BOURNE - The latest outbreak of hydrogen sulfide odors at the Bourne landfill off MacArthur Boulevard will be brought under control by the Fourth of July holiday period or the board of health may take action.
The issue stretching back to 2008 seemed to be resolved this spring, but seven weeks of wet weather, northeast winds and failures in the gas-recovery system at the landfill have all contributed to the odor problem.
Acting Landfill General Manager Dan Barrett said piping in the flare system has been repaired, and he said the lingering odor issue could be solved prior to the holiday period when visitors arrive.
“The odors are completely out of control again,” Galon “Skip” Barlow, board of health member, said. “We don’t want to rein in the landfill, but this has to come under control; the problem has got to be fixed. We have to take action.
“This has an effect on the whole community,” Barlow said. “And it’s not a positive thing. We want a landfill the community can live with.”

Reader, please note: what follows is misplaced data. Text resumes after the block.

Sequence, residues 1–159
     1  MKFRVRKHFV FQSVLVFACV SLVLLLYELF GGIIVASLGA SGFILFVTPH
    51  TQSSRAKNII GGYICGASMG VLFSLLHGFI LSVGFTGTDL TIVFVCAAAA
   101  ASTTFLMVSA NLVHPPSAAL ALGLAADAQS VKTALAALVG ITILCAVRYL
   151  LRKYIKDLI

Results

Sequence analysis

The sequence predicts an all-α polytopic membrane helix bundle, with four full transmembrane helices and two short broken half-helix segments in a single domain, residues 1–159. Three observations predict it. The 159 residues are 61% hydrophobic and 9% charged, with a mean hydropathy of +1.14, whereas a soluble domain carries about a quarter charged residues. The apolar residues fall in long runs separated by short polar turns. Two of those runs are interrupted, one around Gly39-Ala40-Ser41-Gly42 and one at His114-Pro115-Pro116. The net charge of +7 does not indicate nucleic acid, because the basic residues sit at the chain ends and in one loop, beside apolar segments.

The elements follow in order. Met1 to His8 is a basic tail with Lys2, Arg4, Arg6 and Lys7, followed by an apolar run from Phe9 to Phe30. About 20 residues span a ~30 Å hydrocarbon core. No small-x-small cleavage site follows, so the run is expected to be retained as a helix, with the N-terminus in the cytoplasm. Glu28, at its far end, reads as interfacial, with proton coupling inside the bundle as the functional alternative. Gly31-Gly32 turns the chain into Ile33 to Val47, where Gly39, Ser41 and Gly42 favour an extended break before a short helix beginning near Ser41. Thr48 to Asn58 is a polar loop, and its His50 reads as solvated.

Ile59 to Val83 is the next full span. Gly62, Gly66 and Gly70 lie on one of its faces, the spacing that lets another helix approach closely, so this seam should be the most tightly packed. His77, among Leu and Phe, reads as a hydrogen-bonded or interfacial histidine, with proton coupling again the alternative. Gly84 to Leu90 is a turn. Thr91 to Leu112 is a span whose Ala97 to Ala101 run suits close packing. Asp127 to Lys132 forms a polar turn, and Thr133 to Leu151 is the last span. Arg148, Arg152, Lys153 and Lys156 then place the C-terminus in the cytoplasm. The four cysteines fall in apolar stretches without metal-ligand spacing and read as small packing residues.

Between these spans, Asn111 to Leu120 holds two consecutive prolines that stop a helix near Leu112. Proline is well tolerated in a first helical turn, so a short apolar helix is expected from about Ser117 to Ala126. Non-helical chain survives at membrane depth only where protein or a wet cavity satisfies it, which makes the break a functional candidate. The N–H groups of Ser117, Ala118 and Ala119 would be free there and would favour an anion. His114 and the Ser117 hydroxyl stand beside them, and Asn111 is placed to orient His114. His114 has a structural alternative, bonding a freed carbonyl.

Town Administrator Thomas Guerino said additional laborers and equipment operators as necessary would be made available to landfill operations. He said an operational audit of the operation should produce recommendations in six weeks that might help matters.
Barlow says sand should be used as daily cover of trash. He said this hikes disposal costs, but it would also end escaping odors that have plagued the facility for months.
Barrett says sand, because it is permeable, is not the best option. He says ash from the SEMASS waste-to-energy plant in Rochester might be delivered and used instead of material known as auto-shredder cover.
Barrett says the production of gas in a disposal cell has speeded up, causing problems that become quickly known when odors escape and landfill neighborhoods complain.
Barlow says Barrett should “do whatever has to be done” to eliminate the problem. “This is really going to come to a head this time,” Barlow said.
Selectman Jamie Sloniecki said sand as daily trash cover may be a reasonable idea worth discussion by his board.
“This facility needs to move forward,” he said. “We’ve got a problem. We have to get over it. We’re taking immediate steps and longer-range steps. We’ll get this under control so we can move forward.”
The board of health on Wednesday night unanimously voted to take no action on the odor issue. If the problem is not corrected in two weeks, members agreed, other unspecified action against the landfill might be taken.